Just going through the ATI practice tests it does seem to stray quite a bit from what we've been taught in my program. We also took HESI just for feedback for the next class and it did seem to be lot closer to our cirriculum.

    :typing
    Last edit by Sheri257 on Dec 3, '06
  7. by   cardiacRN2006
    Quote from dazey71
    I think there was too much importance placed on just one test.
    Uh, our whole career is based on the importance of just one test...
  8. by   Sheri257
    Quote from cardiacRN2006
    Uh, our whole career is based on the importance of just one test...
    Good point.

    :typing
  9. by   Jolie
    After reading the story, I assume that the students knew all along that they had to pass this exam in order to graduate. Even so, I hope they prevail in their appeal.

    Tying graduation to improperly chosen and over-used standardized exams is wrong. These students have maintained "B" averages while successfully completing the clinical and classroom portions of their academic program. The university happily took their tuition money, and the university's staff awarded academic grades that indicate satisfactory mastery of the curriculum.

    The only justification for the use of this "capstone" exam is to prevent students who the university believes are likely to fail NCLEX from being able to sit for the exam. They require this test not as a benefit to their students, but as a means of protecting their own pass rates. Which, if the university has done its job of weeding out unqualified students and properly educating the rest, should be well within the acceptable range regardless of student performance on any preliminary assessment test.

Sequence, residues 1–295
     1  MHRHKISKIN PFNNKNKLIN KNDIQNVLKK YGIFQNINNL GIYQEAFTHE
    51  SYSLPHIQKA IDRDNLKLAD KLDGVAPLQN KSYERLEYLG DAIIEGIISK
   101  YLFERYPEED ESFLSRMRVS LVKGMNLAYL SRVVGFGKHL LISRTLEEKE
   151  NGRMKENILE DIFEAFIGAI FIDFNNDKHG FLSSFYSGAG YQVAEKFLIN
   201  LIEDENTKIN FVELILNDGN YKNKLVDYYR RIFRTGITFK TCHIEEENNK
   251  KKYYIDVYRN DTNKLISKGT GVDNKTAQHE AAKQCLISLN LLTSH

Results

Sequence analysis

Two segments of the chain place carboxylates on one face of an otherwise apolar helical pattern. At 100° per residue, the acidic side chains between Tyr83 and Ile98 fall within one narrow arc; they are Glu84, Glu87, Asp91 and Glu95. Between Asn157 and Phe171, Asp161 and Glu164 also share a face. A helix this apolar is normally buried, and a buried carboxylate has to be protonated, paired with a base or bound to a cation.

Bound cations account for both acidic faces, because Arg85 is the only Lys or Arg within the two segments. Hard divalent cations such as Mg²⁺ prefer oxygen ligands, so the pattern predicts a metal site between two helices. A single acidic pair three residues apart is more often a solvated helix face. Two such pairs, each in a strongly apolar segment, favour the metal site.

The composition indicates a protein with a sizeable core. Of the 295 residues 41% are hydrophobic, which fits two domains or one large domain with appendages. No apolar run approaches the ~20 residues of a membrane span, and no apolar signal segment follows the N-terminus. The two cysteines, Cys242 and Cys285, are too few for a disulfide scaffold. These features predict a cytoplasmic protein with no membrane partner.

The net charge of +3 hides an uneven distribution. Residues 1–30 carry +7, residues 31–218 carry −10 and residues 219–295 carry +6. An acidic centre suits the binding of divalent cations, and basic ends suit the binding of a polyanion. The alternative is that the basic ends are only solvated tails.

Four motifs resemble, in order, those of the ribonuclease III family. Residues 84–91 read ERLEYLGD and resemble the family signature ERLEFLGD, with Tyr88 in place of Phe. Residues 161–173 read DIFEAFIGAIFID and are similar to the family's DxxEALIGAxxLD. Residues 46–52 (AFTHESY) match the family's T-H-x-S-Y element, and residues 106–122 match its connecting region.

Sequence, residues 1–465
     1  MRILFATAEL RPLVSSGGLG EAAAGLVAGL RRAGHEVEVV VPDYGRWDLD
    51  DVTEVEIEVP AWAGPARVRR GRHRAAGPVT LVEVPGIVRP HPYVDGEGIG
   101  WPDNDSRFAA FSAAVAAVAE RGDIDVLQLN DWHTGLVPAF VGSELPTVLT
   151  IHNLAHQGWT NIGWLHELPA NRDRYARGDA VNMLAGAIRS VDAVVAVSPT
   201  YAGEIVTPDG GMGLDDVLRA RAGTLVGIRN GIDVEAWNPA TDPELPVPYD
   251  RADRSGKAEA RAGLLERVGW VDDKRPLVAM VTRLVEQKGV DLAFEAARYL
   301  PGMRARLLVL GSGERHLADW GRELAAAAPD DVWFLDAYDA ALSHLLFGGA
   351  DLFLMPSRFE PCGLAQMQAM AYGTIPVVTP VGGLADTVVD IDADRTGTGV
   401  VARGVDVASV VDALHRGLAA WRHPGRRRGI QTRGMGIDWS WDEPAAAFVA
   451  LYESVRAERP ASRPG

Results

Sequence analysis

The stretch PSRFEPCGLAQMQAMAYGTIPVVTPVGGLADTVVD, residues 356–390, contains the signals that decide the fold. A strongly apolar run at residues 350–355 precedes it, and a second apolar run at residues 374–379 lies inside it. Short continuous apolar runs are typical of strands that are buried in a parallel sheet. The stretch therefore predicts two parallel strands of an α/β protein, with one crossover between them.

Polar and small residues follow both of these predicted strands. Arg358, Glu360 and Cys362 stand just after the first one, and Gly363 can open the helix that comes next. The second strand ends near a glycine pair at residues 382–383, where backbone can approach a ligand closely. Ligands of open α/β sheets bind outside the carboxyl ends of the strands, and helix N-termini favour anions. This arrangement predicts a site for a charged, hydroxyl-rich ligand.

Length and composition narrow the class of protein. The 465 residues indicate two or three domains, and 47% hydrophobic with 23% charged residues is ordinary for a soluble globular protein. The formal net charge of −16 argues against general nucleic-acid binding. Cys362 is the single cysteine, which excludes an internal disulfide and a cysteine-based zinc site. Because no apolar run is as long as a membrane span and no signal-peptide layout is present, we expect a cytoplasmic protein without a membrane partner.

10. by   pickledpepperRN
    Grading on the curve has nothing to do with passing. If all schools used it like this 50% of those who attended nursing school could not graduate. If 50% got 100% on this test then a 99% would prevent them from graduating, taking boards, and becoming much needed nurses.
    I am glad they are fighting this'

    ...In order for an NVC student to earn an associate degree in nursing, she must achieve a score within the 50th percentile nationally on the ATI -- meaning she must perform as well as or better than half of those who take the test across the country...
    Napa Valley Register Online | Local Top StoryNews
  11. by   BSNtobe2009
    I read that article, and that is the DUMBEST thing I have ever heard of a college doing...what in the world does that test have to do with graduation?

    Give the test at the beginning or don't give it at all!

    I hope those girls take that college to the cleaners.

    I'll tell everyone something funny...I was concerned what would be on the test "TEAS" for admissions, and went to by the simulated test on the ATI website (which is a total ripoff, and doesn't mimic the test at all)...anyway...I originally accidently purchased the mock test that you take when you finish nursing school.